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Google's Self-Driving Cars Approved to Hit Public Roads This Summer

Each prototype car's speed is capped at 25 miles per hour, and safety drivers will be inside.
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Google's self-driving cars are cruising off the closed campus tracks and rolling onto public California roads.

"This summer, a few of the prototype vehicles we’ve created will leave the test track and hit the familiar roads of Mountain View, Calif., with our safety drivers aboard," Google wrote in a blog post published Friday.

Each prototype car's speed is capped at 25 miles per hour, Google added, and the safety drivers will also have the ability to use a steering wheel, accelerator pedal and brake pedal -- likely in an effort to appease regulators. Google has already been testing the self-driving technology with software the company put in a fleet of Lexus RX450h SUVs that have been on public roads, but this summer will be the first public-road test of cars Google built itself.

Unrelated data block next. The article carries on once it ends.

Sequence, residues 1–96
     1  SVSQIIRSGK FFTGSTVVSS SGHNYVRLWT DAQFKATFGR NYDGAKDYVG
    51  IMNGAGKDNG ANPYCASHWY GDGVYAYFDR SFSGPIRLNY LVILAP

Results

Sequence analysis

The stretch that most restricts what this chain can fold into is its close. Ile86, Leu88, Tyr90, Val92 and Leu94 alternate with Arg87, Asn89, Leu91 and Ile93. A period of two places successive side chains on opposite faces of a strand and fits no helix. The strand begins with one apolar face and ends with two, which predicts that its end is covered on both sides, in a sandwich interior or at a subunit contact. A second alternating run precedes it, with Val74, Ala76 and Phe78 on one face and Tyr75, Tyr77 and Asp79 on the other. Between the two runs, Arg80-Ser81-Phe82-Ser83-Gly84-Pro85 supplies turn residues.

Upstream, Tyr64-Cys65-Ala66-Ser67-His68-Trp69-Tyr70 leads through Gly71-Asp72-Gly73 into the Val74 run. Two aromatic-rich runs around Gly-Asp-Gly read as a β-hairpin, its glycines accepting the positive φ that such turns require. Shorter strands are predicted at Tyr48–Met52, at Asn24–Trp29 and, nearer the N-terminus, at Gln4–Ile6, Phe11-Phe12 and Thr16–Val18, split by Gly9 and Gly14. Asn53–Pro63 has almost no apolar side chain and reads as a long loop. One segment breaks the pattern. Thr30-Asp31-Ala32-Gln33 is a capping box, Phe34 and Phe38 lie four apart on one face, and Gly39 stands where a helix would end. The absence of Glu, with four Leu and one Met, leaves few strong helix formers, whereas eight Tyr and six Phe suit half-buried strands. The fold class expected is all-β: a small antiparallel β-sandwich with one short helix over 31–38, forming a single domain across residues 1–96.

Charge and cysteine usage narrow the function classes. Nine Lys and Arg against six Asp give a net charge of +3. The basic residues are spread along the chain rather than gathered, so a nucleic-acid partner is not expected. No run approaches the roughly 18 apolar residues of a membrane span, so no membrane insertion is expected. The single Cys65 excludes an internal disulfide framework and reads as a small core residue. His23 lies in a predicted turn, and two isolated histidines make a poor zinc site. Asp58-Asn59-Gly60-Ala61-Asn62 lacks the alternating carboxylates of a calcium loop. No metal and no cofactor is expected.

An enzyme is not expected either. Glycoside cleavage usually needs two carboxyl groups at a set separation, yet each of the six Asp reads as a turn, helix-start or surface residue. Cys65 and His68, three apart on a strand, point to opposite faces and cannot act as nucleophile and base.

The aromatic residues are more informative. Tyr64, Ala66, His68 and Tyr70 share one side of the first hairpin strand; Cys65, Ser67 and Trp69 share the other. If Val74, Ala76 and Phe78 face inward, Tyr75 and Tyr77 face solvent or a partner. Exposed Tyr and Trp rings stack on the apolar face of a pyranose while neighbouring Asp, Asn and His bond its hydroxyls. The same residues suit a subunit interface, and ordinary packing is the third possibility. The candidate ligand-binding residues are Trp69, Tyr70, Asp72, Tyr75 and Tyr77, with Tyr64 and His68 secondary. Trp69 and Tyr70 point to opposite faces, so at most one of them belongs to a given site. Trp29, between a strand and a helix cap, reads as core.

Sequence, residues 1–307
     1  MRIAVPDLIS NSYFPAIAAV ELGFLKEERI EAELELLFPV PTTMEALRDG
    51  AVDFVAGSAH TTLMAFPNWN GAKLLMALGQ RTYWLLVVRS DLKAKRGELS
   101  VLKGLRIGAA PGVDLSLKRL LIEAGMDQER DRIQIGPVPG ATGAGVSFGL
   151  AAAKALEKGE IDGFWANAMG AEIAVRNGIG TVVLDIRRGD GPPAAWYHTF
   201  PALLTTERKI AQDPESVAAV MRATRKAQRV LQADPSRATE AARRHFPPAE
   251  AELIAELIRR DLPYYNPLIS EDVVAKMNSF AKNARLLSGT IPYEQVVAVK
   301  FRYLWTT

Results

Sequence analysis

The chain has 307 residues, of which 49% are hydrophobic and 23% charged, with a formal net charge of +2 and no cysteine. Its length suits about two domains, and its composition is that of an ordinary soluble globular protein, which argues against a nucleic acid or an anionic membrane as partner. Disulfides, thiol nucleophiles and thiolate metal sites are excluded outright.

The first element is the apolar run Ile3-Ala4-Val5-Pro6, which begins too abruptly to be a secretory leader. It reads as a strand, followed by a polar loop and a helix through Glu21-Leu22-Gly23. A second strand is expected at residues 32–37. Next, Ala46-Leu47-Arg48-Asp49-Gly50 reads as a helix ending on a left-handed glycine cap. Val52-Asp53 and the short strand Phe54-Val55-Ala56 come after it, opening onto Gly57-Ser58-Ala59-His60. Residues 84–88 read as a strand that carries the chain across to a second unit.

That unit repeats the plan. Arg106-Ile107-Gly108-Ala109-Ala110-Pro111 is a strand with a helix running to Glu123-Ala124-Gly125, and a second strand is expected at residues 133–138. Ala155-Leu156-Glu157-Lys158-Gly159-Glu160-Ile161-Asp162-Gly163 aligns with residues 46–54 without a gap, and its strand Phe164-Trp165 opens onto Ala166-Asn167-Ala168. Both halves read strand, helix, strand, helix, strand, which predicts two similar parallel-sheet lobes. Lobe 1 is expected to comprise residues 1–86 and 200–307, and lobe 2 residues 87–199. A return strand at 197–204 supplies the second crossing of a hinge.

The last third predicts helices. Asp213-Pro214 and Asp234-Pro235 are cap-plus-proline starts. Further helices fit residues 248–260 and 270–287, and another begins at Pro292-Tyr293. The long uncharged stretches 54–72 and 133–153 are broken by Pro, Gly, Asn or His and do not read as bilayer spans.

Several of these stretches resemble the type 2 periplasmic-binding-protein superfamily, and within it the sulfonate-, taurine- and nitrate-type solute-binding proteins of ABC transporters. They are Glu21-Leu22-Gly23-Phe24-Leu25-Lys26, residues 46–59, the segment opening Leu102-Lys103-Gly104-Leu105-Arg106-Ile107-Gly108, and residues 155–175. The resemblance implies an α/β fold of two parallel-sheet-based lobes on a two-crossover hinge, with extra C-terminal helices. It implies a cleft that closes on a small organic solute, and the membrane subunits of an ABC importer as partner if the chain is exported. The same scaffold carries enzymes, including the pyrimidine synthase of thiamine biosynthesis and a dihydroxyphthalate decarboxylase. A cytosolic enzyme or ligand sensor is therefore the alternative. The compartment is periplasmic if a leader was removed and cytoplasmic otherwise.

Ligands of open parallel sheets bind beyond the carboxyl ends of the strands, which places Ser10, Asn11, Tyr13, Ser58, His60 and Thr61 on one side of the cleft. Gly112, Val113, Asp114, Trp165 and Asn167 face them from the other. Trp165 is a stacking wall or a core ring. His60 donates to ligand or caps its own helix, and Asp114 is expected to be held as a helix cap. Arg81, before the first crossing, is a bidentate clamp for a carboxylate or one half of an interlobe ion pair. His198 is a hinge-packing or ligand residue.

On Monday, Google defended the driverless car program after the Associated Press published an article stating four of the cars had been involved in accidents in California. Google said in a blog post the cars have been involved in 11 minor accidents over the years, but none of the incidents were the car's fault.


-- Julianne Pepitone